Question At Issue:
Carers Allowance is not payable on the grounds that full-time care is not required and that the carers are resident in an institution.
The appellants (husband and wife) made an application for Carers Allowance for two men aged 32 and 58. The application was disallowed on the grounds that full-time care was not required and that the carers were resident in an institution.
The Social Welfare Inspector who had visited the house and met both men was of the opinion that full-time care was being provided for them. The Medical Adviser had not approved the cases and had noted his assessment “further information required”. The Social Welfare Inspector submitted her report to the Deciding Officer for a decision on whether the appellants were resident in an institution as defined in legislation.
The relevant legislation prescribes that “institution” means a hospital, convalescent home or home for persons suffering from physical or mental disability or accommodation ancillary thereto and any other establishment providing residence, maintenance or care for the persons therein; or, a private dwelling wherein a person is boarded out under an arrangement with a health board. The legislation stipulates that the carer must not reside in an “institution”.
One of the appellants attended the oral hearing accompanied by his three-year-old daughter. He stated that his wife was unable to attend but that she wanted him to represent her at the appeal hearing and he felt he could do this, as the issues were the same in both cases. The Appeals Officer agreed to proceed on condition that he provides a letter from his wife confirming that she consented to this.
The issues were explained, referring to relevant documents on file including the Deciding Officer’s decisions. The legal definition of “institution” for the purposes of Carers Allowance was read out for clarification. The issue of whether full-time care was provided was addressed first.
Appellant stated that he and his wife provided full time care for the two men who have a profound intellectual disability. He said that neither of these men could ever be left alone, they can’t cook for themselves, can’t understand money or deal with their personal hygiene unaided. He has to help them wash and dress each day. The certifying doctor was of the opinion that both men had a severe problem with mental health and learning and moderate problems with speech. The man for whom the appellant has primary care has a moderate problem with manual dexterity and lifting and both men have a variety of other mild problems. The appellants were not aware of the Medical Adviser’s note “further information required” and had not therefore submitted further information.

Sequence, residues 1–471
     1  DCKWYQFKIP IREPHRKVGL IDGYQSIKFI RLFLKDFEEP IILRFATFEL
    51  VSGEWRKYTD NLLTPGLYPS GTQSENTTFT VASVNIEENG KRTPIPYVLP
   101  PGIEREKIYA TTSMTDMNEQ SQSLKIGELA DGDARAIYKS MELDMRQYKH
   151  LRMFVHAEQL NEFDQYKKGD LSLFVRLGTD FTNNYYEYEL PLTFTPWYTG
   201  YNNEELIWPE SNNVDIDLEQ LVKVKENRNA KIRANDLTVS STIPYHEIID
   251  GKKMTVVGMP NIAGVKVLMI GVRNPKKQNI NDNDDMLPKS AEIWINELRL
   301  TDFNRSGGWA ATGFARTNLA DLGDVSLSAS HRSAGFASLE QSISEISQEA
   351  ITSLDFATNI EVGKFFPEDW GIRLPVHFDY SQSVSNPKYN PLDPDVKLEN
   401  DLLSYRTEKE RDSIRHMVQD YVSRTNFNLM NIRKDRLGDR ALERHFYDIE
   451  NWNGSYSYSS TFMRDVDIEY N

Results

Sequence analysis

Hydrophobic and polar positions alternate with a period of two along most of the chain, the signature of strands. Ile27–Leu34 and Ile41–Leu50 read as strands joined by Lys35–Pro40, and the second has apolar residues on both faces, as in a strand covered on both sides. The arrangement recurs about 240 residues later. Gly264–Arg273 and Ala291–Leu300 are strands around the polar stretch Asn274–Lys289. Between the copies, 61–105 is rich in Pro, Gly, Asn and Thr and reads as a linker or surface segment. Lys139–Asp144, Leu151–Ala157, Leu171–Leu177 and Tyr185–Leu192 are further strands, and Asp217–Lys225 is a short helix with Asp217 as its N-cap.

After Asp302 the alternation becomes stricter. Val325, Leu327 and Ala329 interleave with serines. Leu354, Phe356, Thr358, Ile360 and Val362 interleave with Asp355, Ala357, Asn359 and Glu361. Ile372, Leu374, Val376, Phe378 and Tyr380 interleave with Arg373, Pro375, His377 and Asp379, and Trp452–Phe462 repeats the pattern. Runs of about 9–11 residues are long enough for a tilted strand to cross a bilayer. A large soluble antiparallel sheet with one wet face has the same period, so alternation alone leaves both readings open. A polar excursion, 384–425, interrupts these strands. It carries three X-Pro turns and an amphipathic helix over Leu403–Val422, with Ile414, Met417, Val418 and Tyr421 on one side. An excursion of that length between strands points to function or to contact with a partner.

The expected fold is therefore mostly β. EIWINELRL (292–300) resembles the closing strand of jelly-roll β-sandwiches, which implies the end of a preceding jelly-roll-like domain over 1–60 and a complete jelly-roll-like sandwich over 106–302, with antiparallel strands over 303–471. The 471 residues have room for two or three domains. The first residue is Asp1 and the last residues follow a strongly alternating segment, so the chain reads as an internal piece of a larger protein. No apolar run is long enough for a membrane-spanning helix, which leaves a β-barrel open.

Appellant stated that the house in which they were resident was set up as a limited company for the purposes of availing of special status for charitable organisations for taxation reasons. All the carers are directors of the company. There are four full-time carers and a part-time carer in the house and five carees. He said that care was given on a one to one basis, 24 hours a day, 365 days a year. He said that this house was part of a wider organisation of people who had made a lifestyle choice to care for disabled people. He said that the house was not an “institution”, it was his home. He lives there with his family in an environment committed to caring for disabled persons. He said he did not think that this constituted an “institution” as defined in legislation as he was not receiving funding for the two carers in question. Funding had initially been provided by the HSE but then had been refused while they had visited Belgium for a time, the funding was not restored on their return. He stated that the decision not to fund the two disabled men was made on the basis that the accommodation was not acceptable, it was not in a rural setting. He said that he had taken legal advice and had been advised that the HSE had not fulfilled its duty of care to the two men. He added that he believed that funding for the two men should be provided by the HSE and that it was not his preference to seek Carers Allowance but that he had no choice but to do so.
Consideration of the Appeals Officer:
Based on the available evidence, including that adduced at the oral hearing the Appeals Officer is satisfied that full-time care is required and given in both cases.
The Appeals Officer states that the available evidence does not indicate any clear reason why care is not funded by the HSE. The appellants have apparently sought Carers Allowance because the HSE has not provided funding. A substantial house is rented for the purpose of providing residence and care for some of the persons therein and residence for the carers. The appellant has stated that the purpose of establishing the house as a limited company was to avail of charitable status for taxation purposes. The house does not appear to be run on a business basis, no salaries are paid to the carers, no fee is payable by the carees. However, in the Appeals Officer’s opinion it is still an establishment providing residence, maintenance or care for the persons therein. Even though the cost of maintaining the two carees in question is not met by the HSE, it would appear to be an “institution” as defined in the relevant legislation. The carers in this case, live in this “institution” and in the Appeals Officer’s opinion, they are not entitled to Carers Allowance.
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Page Updated 26/05/2006